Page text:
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Publication numberUS20030035482 A1
Publication typeApplication
Application numberUS 10/219,421
Publication dateFeb 20, 2003
Filing dateAug 15, 2002
Priority dateAug 20, 2001
Also published asWO2003017649A1
Publication number10219421, 219421, US 2003/0035482 A1, US 2003/035482 A1, US 20030035482 A1, US 20030035482A1, US 2003035482 A1, US 2003035482A1, US-A1-20030035482, US-A1-2003035482, US2003/0035482A1, US2003/035482A1, US20030035482 A1, US20030035482A1, US2003035482 A1, US2003035482A1
InventorsMichiel Klompenhouwer, Mark Mertens, Frederik De Bruijn, Robert Schutten
Original AssigneeKlompenhouwer Michiel Adriaanszoon, Mertens Mark Jozef Willem, De Bruijn Frederik Jan, Schutten Robert Jan
Export CitationBiBTeX, EndNote, RefMan
External Links: USPTO, USPTO Assignment, Espacenet
Image size extension
US 20030035482 A1
Abstract
The image processing unit (200,201,203,205,207) comprises an extension unit (208) for extending a first image (110) at a side of the first image (110) with pixels of a second image (108) based on a second set of motion vectors (212). The image processing unit (200,201,203,205,207) further comprises a motion estimation unit (204) for estimating a first set of motion vectors (210) of pixels corresponding to a first portion (105) of a scene (100) which is visible in the first image (110) and a second image (108), and a motion extrapolation unit (206) for estimating the second set of motion vectors (212) of pixels corresponding to a second portion (103) of the scene (100) which is visible in the second image (108), but invisible in the first image (110), based on the first set of motion vectors (210).
Images(11)
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Claims(12)
1. An image processing unit (200,201,203,205,207) for extending a first image (110) of a sequence of images with pixels resulting in an extended image (114), the sequence comprising the first image (110) and a second image (108), characterized in that the image processing unit (200,201,203,205,207) comprises:
a motion estimation unit (204) for estimating a first set of motion vectors (210) of pixels corresponding to a first portion (105) of a scene (100) which is visible in the first image (110) and the second image (108);
a motion extrapolation unit (206) for estimating a second set of motion vectors (212) of pixels corresponding to a second portion (103) of the scene (100) which is visible in the second image (108), but invisible in the first image (110), based on the first set of motion vectors (210); and
an extension unit (208) for extending the first image (110) at a side of the first image (110) with pixels of the second image (108) based on the second set of motion vectors (212).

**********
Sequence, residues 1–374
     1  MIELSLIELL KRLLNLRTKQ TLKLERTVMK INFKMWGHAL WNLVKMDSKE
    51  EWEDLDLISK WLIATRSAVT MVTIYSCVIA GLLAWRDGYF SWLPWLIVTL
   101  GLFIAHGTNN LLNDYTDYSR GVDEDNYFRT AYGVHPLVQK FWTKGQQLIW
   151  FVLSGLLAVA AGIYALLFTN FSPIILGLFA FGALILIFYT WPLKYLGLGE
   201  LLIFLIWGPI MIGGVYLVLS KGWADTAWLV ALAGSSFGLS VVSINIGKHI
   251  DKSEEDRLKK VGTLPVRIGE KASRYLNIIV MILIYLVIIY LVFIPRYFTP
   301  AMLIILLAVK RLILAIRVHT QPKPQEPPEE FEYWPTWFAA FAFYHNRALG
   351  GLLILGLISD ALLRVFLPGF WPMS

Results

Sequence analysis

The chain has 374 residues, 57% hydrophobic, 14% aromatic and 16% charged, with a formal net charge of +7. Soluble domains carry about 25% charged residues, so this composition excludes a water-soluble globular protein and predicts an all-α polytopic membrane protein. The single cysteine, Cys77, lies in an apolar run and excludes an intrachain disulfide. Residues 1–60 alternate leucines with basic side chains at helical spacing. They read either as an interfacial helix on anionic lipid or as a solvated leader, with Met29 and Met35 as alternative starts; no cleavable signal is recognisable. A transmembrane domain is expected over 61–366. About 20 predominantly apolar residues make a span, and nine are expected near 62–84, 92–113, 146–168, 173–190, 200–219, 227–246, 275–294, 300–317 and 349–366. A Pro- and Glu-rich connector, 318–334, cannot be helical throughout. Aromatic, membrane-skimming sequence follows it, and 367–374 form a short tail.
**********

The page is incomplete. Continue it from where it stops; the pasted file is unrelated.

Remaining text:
2. An image processing unit (200,201,203,205,207) as claimed in claim 1, characterized in that the extension unit (208) is arranged to extend the first image (110) similarly at another side of the first image (110) with pixels of a third image (112).
3. An image processing unit (201,203,205,207) as claimed in claim 1, characterized by further comprising a motion model unit (218) for generating a motion model describing global changes between the first image (110) and the second image (108), the motion model being based on the first set of motion vectors (210), and being input for the motion extrapolation unit (206).
4. An image processing unit (201,203,205,207) as claimed in claim 3, characterized in that the motion model comprises parameters related to global changes between the first image (110) and the second image (108) that are caused by panning of a camera capturing the scene (100).
5. An image processing unit (201,203,205,207) as claimed in claim 3, characterized in that the motion model comprises parameters related to global changes between the first image (110) and the second image (108) that are caused by changed zoom of the camera capturing the scene (100).
6. An image processing unit (203,205,207) as claimed in claim 1, characterized by further comprising an enlargement unit (222) to enlarge the extended image (114) to an enlarged image (306) with a predefined aspect ratio.
7. An image processing unit (203,205,207) as claimed in claim 6, characterized in that the enlargement unit (222) is arranged to perform a non-uniform zoom.
8. An image processing unit (203,205,207) as claimed in claim 6, characterized in that the enlargement unit (222) is arranged to set the center of the enlarged image (306) substantially equal to the center of the first image (110).
9. An image processing unit (205,207) as claimed in claim 1, characterized in comprising a reliability unit (226) to control the extension unit (208) based on a reliability of the first set of motion vectors (210).
10. An image processing unit (200,201,203,205,207) as claimed in claim 1, characterized in that the extension unit (208) is arranged to extend the first image (110) with pixels of a fourth image which is also extended in a similar way.
11. A method of extending a first image (110) of a sequence of images with pixels resulting in an extended image (114), the sequence comprising the first image (110) and a second image (108), characterized in comprising the steps of: